Many OB/GYNs named in pregnancy-related malpractice suits

At the top of most Texas doctors' priorities is keeping their patients safe, healthy and well. The thought of a doctor causing more harm than good is unbelievable to many people, especially pregnant women who must develop a particularly intimate trust with their physicians. Still, according to a 2012 survey by the American College of Obstetricians and Gynecologists, over 75 percent of the OB/GYNs in the survey had been named in a malpractice lawsuit related to pregnancy or birth injury.

Even more surprising is the amount of claims per survey respondent, over 2.5. The pregnancy-related injuries that can stem from a doctor's negligence are varied, and many can harm the mother, the infant or both. As a result, OB/GYNs can be seen as having double the responsibility of other doctors. Nevertheless, despite their dual duties, as physicians they must follow the standard of care set forth for their field.

There are patterns of physician behavior that increase the chance of negligence occurring. One is trying to be in two places at once. Of course, medical staff are used to multitasking and dealing with huge workloads. Nevertheless, trying to cut corners can result in OB/GYN negligence.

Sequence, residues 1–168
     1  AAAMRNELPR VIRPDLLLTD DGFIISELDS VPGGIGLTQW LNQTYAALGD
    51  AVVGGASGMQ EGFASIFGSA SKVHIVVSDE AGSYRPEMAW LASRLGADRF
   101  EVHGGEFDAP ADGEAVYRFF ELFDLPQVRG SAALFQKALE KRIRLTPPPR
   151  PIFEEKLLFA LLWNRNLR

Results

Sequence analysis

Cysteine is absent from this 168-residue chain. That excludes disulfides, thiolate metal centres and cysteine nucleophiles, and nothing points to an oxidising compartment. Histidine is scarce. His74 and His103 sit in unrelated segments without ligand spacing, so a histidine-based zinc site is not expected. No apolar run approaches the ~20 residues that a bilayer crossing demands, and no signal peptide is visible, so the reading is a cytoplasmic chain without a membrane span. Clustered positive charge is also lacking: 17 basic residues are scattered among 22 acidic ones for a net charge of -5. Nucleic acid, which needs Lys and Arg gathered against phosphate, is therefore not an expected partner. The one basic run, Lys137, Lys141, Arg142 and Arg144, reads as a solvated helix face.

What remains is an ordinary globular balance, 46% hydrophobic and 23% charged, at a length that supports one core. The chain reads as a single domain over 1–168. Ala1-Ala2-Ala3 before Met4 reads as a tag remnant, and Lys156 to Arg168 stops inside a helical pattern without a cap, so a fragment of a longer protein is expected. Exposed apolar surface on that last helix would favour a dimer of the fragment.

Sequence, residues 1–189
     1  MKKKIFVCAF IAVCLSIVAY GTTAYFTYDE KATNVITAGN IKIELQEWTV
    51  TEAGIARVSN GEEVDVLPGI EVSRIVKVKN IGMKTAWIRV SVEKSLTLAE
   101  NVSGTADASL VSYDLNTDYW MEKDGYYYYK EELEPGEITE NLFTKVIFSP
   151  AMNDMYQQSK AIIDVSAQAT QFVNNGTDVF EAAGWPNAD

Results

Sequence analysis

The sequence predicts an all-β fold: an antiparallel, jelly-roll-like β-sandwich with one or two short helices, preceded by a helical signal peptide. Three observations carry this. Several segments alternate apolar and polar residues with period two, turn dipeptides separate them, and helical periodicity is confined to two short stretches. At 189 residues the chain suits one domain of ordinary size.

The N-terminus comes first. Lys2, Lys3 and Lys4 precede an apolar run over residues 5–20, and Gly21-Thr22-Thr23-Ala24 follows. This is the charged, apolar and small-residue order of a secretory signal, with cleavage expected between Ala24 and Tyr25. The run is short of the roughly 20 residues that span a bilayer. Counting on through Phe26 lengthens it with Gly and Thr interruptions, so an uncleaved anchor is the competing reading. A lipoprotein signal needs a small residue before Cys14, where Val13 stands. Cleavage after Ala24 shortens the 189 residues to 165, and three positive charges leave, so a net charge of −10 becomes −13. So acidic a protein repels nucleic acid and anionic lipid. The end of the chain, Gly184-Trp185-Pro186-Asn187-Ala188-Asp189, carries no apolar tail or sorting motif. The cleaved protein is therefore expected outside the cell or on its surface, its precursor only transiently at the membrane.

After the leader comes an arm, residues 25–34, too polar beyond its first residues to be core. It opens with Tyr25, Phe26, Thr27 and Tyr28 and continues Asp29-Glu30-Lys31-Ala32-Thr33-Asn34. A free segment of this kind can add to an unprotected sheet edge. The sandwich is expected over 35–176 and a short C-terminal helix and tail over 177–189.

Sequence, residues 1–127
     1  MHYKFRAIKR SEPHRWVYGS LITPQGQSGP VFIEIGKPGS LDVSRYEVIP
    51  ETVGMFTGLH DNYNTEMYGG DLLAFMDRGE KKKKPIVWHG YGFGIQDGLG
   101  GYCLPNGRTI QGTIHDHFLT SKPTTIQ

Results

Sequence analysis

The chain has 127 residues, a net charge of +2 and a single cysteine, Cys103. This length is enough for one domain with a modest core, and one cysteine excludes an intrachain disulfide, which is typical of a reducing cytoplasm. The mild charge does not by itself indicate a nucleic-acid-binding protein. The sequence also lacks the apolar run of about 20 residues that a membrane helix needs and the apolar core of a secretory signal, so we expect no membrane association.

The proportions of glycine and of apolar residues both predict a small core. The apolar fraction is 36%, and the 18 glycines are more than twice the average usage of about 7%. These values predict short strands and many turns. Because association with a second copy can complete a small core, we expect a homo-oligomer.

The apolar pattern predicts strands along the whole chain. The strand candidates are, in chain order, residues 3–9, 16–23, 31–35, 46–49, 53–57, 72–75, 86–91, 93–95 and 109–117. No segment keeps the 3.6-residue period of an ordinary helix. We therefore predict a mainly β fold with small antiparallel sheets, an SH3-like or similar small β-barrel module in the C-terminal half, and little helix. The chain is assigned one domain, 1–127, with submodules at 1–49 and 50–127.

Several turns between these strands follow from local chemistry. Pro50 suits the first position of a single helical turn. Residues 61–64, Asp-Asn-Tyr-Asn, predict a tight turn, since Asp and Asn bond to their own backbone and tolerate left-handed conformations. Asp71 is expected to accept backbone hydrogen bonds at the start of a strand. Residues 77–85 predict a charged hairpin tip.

Another thing OB/GYNs should always do is thoroughly supervise doctors who are still completing a residency. In the delivery room, pregnancy complications can develop rapidly and things can quickly spiral out of control if a supervising physician is not immediately available.

Another thing physicians can do to be proactive regarding negligence prevention is thoroughly training staff in these types of sudden emergencies. No doctor wants to be accused of having a negligent staff, and no patient wants to experience a chaotic, hesitant response to complications. If an expecting mother does have such an experience, a malpractice attorney can help bridge the information gap regarding what happened to her and why.

Source: Contemporary OB/GYN, "4 ways to lower your risk of an obstetric malpractice suit," Robert J. Stiller, April 1, 2014